Beware IDN homograph attacks: your brand reputation is at risk

Phishing scams are among the Internet's most insidious threats. One click is all it takes to get duped out of money or have passwords stolen. Now, new evidence shows phishing is on the rise with the growing availability of internationalised domain names. Take action! Prevent your brand from being used in an IDN homograph attack.

by Daniel - 08.08.2018

IDN homographs: can you spot the difference?

Phishing is a hacking technique that uses email and phoney websites to tricks users into sharing their personal information, downloading malware, or both. And the quantity, scope, and sophistication of these attacks is growing. Most recently, generic top-level domains helped fraudsters scam World Cup fans, Apple customers were tricked into updating their profiles to comply with the GDPR, and Facebook and Twitter admitted that countless numbers of fake accounts have been used for social media phishing.

Now, reports indicate that internationalised domain names (IDNs) are increasingly being used to create phoney lookalike domains for phishing purposes. IDNs allow users to register domain names in non-Latin Unicode characters – Cyrillic letters, accents - a growing necessity on today’s multilingual Internet. But non-Latin script also makes it easier for cybercriminals to register domain names for phishing websites that look authentic. Characters in both scripts – Latin and Cyrillic – often look the same and, if you’re not paying attention, you could be easily fooled.

See for yourself. Take a look at this: https://www.аpple.com. Looks like a normal URL that will take you to Apple’s website, right? But when you click on it, you see that it’s an imposter site.

Apple-confusable.jpg#asset:13451


What’s happening here is that the letter “a” in "Apple" is the Cyrillic “a”, not the Latin script “a”. The error message above is showing you a specific Unicode formula called Punycode. While Unicode is the standard for digital representation of all the world’s languages, Punycode converts non-Latin script characters into code which uses the prefix "xn--" and is readable by DNS. This error message is showing you that you've been redirected to a lookalike site.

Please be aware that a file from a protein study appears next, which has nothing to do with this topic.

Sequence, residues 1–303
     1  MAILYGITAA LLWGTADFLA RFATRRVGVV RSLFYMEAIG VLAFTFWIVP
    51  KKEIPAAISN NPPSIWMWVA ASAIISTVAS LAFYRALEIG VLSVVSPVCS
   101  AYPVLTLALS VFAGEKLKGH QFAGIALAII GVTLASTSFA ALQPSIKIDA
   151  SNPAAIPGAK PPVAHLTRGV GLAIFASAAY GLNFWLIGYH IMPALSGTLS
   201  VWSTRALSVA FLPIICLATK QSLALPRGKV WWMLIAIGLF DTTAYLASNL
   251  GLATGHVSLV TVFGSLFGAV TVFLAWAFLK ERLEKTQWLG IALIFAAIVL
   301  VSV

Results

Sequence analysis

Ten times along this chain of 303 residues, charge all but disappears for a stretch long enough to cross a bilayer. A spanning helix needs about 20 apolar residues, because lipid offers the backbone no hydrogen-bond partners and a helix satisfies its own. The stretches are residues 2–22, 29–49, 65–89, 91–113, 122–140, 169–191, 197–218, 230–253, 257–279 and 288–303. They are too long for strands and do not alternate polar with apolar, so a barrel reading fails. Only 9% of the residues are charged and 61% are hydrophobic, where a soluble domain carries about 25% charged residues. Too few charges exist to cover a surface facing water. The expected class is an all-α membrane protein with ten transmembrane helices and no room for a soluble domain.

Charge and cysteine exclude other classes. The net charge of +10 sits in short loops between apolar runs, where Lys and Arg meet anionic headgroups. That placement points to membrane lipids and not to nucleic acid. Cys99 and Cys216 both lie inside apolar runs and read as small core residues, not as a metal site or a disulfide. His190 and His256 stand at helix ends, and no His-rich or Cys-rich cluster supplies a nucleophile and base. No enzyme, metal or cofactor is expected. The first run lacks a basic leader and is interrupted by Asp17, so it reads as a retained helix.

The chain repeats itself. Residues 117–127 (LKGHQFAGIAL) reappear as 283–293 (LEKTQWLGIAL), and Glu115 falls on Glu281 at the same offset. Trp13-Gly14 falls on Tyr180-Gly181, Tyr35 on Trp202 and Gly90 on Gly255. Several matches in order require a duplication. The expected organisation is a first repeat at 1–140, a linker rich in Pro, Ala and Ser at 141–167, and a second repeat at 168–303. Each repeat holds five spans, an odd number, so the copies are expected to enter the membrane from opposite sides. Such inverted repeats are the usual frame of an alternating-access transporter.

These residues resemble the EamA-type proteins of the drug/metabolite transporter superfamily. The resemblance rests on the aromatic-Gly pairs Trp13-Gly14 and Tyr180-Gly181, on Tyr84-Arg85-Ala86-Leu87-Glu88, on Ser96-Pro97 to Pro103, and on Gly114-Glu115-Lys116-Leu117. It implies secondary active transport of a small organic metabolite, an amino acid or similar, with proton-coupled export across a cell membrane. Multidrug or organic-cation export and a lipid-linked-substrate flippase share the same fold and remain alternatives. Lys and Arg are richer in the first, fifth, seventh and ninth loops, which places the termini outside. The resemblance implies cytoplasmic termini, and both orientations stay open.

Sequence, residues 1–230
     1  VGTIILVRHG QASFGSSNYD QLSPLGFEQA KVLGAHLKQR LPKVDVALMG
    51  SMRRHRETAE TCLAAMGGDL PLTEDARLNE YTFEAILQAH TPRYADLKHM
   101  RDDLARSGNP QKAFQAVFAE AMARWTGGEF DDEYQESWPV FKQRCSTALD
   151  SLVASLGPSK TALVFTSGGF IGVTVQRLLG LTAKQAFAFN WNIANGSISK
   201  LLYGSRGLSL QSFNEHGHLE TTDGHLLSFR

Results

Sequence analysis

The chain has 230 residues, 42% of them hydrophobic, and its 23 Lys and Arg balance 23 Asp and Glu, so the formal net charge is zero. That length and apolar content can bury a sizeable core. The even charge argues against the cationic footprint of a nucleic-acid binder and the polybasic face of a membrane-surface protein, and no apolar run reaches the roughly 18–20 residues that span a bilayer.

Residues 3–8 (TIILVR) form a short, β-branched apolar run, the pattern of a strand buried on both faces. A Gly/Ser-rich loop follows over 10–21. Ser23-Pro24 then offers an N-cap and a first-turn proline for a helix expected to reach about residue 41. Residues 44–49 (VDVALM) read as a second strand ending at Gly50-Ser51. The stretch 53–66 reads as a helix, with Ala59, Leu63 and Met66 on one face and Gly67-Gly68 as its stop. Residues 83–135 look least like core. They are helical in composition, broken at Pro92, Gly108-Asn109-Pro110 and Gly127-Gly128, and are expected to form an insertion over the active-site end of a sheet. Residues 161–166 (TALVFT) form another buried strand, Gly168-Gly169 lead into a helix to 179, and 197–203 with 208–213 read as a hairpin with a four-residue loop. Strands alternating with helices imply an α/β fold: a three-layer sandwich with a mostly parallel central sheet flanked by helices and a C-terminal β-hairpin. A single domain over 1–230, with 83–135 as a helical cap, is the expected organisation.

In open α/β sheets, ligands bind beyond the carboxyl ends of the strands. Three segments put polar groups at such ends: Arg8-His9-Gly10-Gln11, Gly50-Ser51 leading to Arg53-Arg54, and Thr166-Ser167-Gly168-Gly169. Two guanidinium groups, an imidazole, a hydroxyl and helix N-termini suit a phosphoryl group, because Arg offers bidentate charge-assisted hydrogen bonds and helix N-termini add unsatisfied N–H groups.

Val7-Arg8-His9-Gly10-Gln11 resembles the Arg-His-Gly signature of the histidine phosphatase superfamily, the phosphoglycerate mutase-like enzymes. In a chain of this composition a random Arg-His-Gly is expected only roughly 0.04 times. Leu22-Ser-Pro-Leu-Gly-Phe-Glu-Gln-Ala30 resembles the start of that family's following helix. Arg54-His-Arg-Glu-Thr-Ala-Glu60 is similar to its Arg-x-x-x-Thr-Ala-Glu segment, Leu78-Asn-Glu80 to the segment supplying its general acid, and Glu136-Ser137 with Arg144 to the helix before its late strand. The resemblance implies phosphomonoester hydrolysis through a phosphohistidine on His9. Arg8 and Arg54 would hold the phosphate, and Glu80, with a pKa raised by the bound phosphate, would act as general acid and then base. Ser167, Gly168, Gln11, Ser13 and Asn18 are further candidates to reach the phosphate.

But, even better, browsers are increasingly providing users explicit warnings like this:

Homograph-privacy-error.jpg#asset:13453

Fake domains hard to detect - eyes open!

That “a” is just one of many characters that have come to be known as “confusables".

Confusables are virtually undetectable to users, email clients, or web browsers. Below is a good example. (For more examples, see this list.)

Confusable-L.jpg#asset:13454

Scammers rely on these small language script changes to deceive you. All a hacker needs to do is swap out a "I" and replace it with "1" and, before you know it, you're on your way to an imposter site that's been set up to collect whatever personal information it can from you. Commonly known as an IDN homograph attack, this kind of domain name spoofing has many experts concerned.

ICANN prohibits registrars from registering IDNs with mixed character scripts, a precautionary measure intended to limit the potential of homograph attacks from occurring. But a new report from San Mateo-based Farsight Security highlights hundred of mixed character sets which could indicate that not all registrars are following the rules.

According to the report, those most as risk include banking and related sectors as well as mobile device users. A smaller screen size means users have a harder time spotting the telltale confusables used in phoney domains.

Protect your brand from phishing abuse

The growing threat of phishing scams require businesses invest in stronger, more robust online brand protection options. If your domain name falls victim to a phishing attack, you could be facing damages which will be very difficult to fix:

  • Damage to your brand reputation and loss of trust
  • Less traffic to your website
  • Financial loss

Don’t allow your brand to be compromised by bad guys. Be proactive.

  • Familiarise yourself – and register your trademark - with ICANN’s Trademark Clearinghouse (TMCH). If a third party tries to register a domain name that matches your TMCH trademark, they will receive a warning that they could be in breach of trademark laws. If they ignore this warning, you will be notified so that you can take appropriate legal action. You'll find more detailed information here.
  • If you have registered your trademark with the TMCH, you can purchase a DPML (Domains Protected Marks List) product which will block others from registering a domain name with your trademark. DPML Plus, for example, blocks exact matches as well as misspellings/contains.

IDN homograph phishing is a serious problem and we want to help. If you have a question or need help, let us know. Our Sales team is available to speak with you: +352 263 725 250 or sales@eurodns.com.


photo credit


Domain securityIDN

Next article:
Why you should use a VPN service to prevent cyber threats

Previous article:
New domain name registration ideas for your website or blog

Related articles: